Skip to content
Recover files from Google Drive after a cryptolocker attack
JavaScript
Branch: master
Clone or download
Pull request Compare This branch is 1 commit ahead of Catalysts:master.
Fetching latest commit…
Cannot retrieve the latest commit at this time.
Permalink
Type Name Latest commit message Commit time
Failed to load latest commit information.
README.md
decryptr.gs

README.md

Google Drive CryptoLocker restore script

Introduction

One of our colleges got hit today by the CryptoLocker virus, some of the affected files were synced to Google Drive. Thankfully Google Drive stores all versions of modified files, so an older, unencrypted version can be restored. The virus encrypted about ~1000 files on his Google Drive, so we've written a script to programmatically restore them all.

One of my friends got hit today by a CryptoLocker variant dubbed Osiris, and some of the affected files were synced to Google Drive. Thankfully Google Drive stores all versions of modified files, so an older, unencrypted version can be restored. The ransomware encrypted hundreds files on his Google Drive, so we've written a script to programmatically restore them all.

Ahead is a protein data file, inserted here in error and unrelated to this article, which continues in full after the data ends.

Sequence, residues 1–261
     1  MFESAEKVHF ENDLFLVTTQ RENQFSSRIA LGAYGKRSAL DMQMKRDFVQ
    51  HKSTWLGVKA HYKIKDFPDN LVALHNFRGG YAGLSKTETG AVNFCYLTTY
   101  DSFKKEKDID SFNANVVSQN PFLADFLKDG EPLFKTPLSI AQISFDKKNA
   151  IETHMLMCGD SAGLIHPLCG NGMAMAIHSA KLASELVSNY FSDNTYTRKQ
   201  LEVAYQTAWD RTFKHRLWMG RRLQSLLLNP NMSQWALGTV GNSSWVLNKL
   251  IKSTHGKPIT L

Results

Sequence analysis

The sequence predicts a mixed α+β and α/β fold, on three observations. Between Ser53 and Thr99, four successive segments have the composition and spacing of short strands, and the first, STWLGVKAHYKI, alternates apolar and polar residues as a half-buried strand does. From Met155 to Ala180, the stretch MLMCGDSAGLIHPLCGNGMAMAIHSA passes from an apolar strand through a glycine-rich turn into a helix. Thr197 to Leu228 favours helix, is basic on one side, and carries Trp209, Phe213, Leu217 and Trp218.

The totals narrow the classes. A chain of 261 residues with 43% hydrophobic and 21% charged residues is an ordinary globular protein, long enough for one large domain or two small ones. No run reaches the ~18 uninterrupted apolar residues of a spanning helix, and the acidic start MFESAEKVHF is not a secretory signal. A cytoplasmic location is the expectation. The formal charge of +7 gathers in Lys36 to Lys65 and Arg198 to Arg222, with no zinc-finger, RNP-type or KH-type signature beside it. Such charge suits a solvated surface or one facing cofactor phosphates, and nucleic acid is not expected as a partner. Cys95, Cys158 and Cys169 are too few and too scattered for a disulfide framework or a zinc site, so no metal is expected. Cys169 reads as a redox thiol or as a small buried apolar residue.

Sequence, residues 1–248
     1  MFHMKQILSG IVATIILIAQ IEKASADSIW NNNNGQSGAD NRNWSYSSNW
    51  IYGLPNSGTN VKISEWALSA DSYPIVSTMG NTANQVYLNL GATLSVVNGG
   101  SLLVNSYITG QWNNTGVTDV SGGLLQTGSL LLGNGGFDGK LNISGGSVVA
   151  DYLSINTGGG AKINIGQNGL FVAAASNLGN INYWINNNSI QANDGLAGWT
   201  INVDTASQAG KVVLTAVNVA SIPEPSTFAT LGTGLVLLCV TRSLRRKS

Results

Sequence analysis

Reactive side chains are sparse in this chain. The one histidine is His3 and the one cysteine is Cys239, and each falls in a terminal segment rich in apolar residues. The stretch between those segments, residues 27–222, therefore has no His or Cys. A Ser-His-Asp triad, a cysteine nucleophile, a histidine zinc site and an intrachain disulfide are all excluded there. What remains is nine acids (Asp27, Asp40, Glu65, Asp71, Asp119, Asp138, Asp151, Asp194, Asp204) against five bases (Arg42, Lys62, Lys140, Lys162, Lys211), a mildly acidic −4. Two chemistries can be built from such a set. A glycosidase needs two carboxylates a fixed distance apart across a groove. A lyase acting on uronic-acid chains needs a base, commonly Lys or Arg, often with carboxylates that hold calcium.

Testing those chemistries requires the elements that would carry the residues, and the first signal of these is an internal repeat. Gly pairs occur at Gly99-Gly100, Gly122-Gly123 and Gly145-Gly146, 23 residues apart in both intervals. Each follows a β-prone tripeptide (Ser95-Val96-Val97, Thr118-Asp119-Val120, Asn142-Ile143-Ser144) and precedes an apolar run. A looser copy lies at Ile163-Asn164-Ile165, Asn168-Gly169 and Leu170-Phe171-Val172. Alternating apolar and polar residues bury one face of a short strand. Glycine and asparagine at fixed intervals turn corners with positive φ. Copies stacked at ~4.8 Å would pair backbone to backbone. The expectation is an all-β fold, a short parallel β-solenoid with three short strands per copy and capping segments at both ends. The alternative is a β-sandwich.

I found this script and forked it to work.

Requirements / Usage

This script can be executed via Google Apps Scripts. You have to enable those, as well as Advanced Drive Services for accessing file revisions. After that you can save the decryptr.gs into your Google Drive using the Webinterface and just run the decryptr function. You can now take a look at your log file, if those look good enough you can switch the dry switch to false to really recover those files.

How it works

This script was designed to crawl through your whole Google drive, removing all revisions of files having .enc .osiris as file ending. Afterwards it gets the file's original filename from the revision history postfix from them (the filename is not getting restored when removing the revisions).

By default, the script crawls through all folders in your Google Drive and looks for files ending with .osiris. When it finds one, it removed the encrypted versions of that fileId. Originally this script renamed the file by just stripping the file extention from the filename. Unfortunately, that did not work for me because the malware actually renamed each file to a random alphanumeric string. Ex: 78E360E8--0DB1--28FD--F7525F85--D7DE3870A52F.osiris

Fortunately the file's Revision History keeps filename changes, and so I had to find a way to use that.

I know there are likely a lot of inefficiencies in this script, and if you have a lot of files in your Drive, you might have to restrict the search to a particular folderId. (See near the top of the decryptr function.)

You can’t perform that action at this time.